School finance judge refuses to recuse himself

State District Judge John Dietz, right, listens to plaintiff attorney Leonard Schwartz's, foreground, closing arguments in the second phase of Texas' school finance trial before , Friday, Feb. 7, 2014, in Austin, Texas. (AP Photo/Eric Gay)

AUSTIN (AP) — The judge overseeing Texas’ massive school finance trial has refused to recuse himself despite a motion filed by state attorneys alleging bias, likely further delaying a case that began more than 18 months ago.

Texas Attorney General Greg Abbott’s office has asked Austin-based state District Judge John Dietz to give up the case because of recent emails he and members of his court staff exchanged with attorneys representing the 600-plus school districts that have sued the state.

The motion filed Monday argued that some of the emails were sent without the state’s knowledge and “suggest that the judge is coaching the plaintiffs’ counsel in order to improve their case.”

Later that day, Dietz signed an order refusing to leave the case and referring the matter to Judge Billy Ray Stubblefield in nearby Williamson County, who handles administrative tasks. Stubblefield will either appoint an outside judge to have a hearing on the state’s motion, or convene similar proceedings himself. It’s not clear how long the process will take.

The emails in question haven’t been made public.

The case stems from 2011, when the Texas Legislature cut $5.4 billion in classroom funding, prompting school districts across Texas to sue, arguing educational guarantees in the state’s Constitution had been violated.

The trial opened in October 2012, with the districts saying they no longer had sufficient resources amid rising enrollment and tough state-mandated standardized testing requirements.

Abbott’s office, arguing on behalf of the state, countered that while the school finance system wasn’t perfect, it was constitutional.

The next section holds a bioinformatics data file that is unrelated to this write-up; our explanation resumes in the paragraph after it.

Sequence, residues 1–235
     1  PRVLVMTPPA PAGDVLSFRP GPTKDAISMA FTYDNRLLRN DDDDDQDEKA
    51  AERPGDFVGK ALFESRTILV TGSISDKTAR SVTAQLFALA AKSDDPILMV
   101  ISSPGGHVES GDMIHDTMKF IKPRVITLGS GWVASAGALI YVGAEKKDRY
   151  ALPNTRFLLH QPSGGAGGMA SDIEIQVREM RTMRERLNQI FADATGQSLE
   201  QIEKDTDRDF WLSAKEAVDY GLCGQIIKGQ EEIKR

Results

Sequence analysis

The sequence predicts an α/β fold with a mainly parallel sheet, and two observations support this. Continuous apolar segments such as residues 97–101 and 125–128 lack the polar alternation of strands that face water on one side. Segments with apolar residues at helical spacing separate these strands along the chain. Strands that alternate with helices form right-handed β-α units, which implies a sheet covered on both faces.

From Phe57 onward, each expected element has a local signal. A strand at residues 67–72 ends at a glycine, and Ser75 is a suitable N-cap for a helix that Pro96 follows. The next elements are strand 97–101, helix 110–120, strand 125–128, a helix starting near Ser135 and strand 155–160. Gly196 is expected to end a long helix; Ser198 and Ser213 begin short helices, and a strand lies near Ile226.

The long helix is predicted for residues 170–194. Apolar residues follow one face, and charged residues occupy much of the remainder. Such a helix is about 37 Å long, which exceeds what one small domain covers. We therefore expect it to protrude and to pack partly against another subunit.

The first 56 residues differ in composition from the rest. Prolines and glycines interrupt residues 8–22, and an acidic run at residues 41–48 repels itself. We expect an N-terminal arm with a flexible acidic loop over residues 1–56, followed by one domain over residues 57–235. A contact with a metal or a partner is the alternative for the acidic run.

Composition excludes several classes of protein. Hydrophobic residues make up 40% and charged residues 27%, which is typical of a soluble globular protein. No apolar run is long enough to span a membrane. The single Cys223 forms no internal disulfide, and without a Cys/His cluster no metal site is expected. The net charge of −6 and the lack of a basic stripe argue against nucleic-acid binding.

In February 2013, Dietz ruled public education funding was inadequate and unfairly distributed between school districts in rich and poor areas. That summer, lawmakers restored about $3.4 billion in classroom funding while easing testing requirements.

Dietz reopened the case this past January to hear evidence on the Legislature’s latest actions. He had planned to issue a final, written ruling this summer, but will likely have to wait until the issue of his recusal is resolved, said Rick Gray, an attorney who represents more than 400 school districts.

“It’s just creating dead time, so to speak,” Gray said. He added that the emails in question were sent as the judge works to compile his final ruling and “nothing improper was done whatsoever and nothing secret was done whatsoever.”

“Both parties have known about this process for quite some time,” Gray said.

Abbott spokeswoman Lauren Bean has refused to comment beyond what was in Monday’s motion.

Abbott, a Republican who is the front-runner in November governor’s race, isn’t overseeing the case personally. Still, his Democratic opponent, state Sen. Wendy Davis, called the motion “a last ditch, desperate effort to delay a decision until after the election.”

“Once again, Abbott is proving he’s more interested in working for his political insider buddies than protecting Texas public schools,” Davis said in a statement Tuesday.

The case is Texas’ sixth of its kind since 1984. Dietz presided over a similar trial in 2004, finding in favor of the school districts.

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